Date farmers harvest bitter fruits of climate change

In Algeria’s Biskra province, known for centuries for its magnificent date production, small-scale farmers are increasingly battling to cultivate and protect their precious crops.

This second instalment in New Frame’s three-part series on the impact of climate change in northeastern Algeria looks at Biskra province and oasis towns such as Tolga, which boasts 500 000 date palms. The Romans inhabited the area 2 000 years ago, and cultivating and harvesting dates have been the lifeblood of the local economy ever since. But a change in precipitation patterns is affecting the production of dates, and some farmers have decided to abandon the crop that has been grown for generations. 

In Biskra, a gathering of oases on the northeastern cusp of the Algerian Sahara Desert, locals live by the motto “Give to the date palm and she will return the favour”. It is sacrosanct.

For centuries, the indigenous populations of the Ziban mountain range have carefully planted and pollinated their precious date palms. These days, more than 100 cultivars of dates sprout from four million  trees in Biskra, ensuring agriculture remains the lifeblood of the region’s economy. 

More than 200 000 tons of dates were shipped out of Algeria in 2019, amounting to exports worth over $50 million (about R836 million). They are the country’s second most profitable commodity after the hydrocarbon – oil and natural gas – sector.

Part One:

Yet, due to an increase in temperature, shifting precipitation patterns and sustained stress on limited water resources, small-scale date farmers in Biskra are having to permanently change the way they grow, cultivate and harvest their product.

A lifetime of loving dates

“This garden is heaven for me,” says Khoualed, a fellah (farm hand) who lives and works on a wealthy family’s palm grove near Biskra’s airport. “When I wake up in the morning, I drink my coffee and have some cake. Then I am with my friends,” he says, pointing to the date palms that surround him in every direction. “This one here is my friend, this one is my brother and this one is my uncle… What more could a person want?” He gives a wide smile.

For Khoualed, and tens of thousands like him, life revolves around the date palm. Coffee can be made from its roasted pits, the dried-out trunk is used to construct furniture, and the wilted pinnate leaves can be woven into baskets, stepping mats or even straw hats.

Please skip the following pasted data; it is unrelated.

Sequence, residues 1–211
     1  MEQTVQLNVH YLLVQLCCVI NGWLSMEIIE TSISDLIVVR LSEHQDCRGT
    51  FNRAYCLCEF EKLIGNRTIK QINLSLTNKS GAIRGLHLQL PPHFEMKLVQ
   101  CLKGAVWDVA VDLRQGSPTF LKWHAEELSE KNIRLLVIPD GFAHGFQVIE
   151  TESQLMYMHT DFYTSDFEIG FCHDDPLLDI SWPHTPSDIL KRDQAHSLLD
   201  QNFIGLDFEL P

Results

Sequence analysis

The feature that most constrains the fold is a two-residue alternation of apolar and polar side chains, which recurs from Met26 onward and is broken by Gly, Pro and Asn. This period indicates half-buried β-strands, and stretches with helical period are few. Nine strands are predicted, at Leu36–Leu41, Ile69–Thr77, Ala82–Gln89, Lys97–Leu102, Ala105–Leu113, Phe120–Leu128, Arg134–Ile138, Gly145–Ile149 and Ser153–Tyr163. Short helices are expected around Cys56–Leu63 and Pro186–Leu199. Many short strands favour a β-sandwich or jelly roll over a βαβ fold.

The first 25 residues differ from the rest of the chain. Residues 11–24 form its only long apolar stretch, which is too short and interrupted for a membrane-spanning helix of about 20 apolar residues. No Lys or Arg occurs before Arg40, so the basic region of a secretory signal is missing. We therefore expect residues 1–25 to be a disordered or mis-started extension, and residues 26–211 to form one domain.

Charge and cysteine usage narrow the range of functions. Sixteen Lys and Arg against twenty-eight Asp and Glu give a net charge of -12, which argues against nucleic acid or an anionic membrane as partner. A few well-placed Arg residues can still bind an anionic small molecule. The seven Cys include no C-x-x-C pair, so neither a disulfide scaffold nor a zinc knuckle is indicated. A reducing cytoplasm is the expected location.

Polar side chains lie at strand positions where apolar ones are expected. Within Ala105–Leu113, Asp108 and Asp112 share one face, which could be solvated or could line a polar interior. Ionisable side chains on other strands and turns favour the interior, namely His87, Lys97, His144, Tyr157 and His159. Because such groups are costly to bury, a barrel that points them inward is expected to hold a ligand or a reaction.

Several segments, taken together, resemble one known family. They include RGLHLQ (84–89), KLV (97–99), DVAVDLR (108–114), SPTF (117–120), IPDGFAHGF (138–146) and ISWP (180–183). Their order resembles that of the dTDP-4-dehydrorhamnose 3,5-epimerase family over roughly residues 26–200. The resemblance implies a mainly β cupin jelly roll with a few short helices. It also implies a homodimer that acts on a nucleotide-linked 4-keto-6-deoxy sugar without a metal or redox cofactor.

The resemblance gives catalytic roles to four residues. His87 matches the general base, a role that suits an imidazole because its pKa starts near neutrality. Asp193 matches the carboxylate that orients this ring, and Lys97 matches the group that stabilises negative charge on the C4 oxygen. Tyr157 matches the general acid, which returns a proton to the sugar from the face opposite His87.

The queen of the date palm, however, is the deglet nour (“date of divine light”, also known as the royal date), a cultivar with an elongated, fleshy, velvety fruit that is almost too sweet for consumption. With its delicious taste and versatile use, the divinity of the fruit is never called into question. 

Khoualed recalls how, as a young boy, his father pulled him out of class after a single month of schooling so that he could help to pollinate the trees. Now he is nearing the age of retirement and can attest to a dramatic change in his trade.

“When I was growing up, there was heavy rainfall in the winter and sometimes it even rained in the summer. The land efficiently absorbed water and the wadis [creeks and riverbeds] were full. Farmers came to the rivers and transported the share of water that they needed. They properly irrigated their garden and the harvest bore high-quality fruit.”

10 August 2020: Acres of palm trees flank the main road that enters the city of Biskra. (Photograph by Maher Mezahi)

Temperatures rise while rain stays away

Assuring the production of a high-quality fruit is increasingly challenging owing to changing precipitation patterns. According to several date farmers, the rainfall in 2020 has been less than previous years. As a result, some small-scale farmers have used pesticides to repel spiders and parasites that otherwise would have been washed away by the rain.